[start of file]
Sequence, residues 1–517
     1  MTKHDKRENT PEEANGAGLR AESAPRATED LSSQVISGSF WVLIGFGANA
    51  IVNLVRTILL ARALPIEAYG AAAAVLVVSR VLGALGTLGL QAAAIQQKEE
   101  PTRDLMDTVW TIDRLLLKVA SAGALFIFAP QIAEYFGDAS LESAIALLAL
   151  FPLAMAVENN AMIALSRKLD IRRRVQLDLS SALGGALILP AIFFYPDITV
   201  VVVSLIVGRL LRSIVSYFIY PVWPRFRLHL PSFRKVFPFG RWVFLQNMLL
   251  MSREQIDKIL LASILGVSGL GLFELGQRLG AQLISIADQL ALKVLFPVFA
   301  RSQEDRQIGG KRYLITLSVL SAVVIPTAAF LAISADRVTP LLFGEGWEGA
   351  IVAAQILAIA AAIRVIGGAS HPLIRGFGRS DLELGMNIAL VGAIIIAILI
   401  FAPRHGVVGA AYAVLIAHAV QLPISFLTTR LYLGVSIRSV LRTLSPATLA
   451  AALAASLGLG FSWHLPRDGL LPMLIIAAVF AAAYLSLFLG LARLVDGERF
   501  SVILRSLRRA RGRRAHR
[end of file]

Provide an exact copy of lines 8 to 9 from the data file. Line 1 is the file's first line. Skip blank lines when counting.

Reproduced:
   301  RSQEDRQIGG KRYLITLSVL SAVVIPTAAF LAISADRVTP LLFGEGWEGA
   351  IVAAQILAIA AAIRVIGGAS HPLIRGFGRS DLELGMNIAL VGAIIIAILI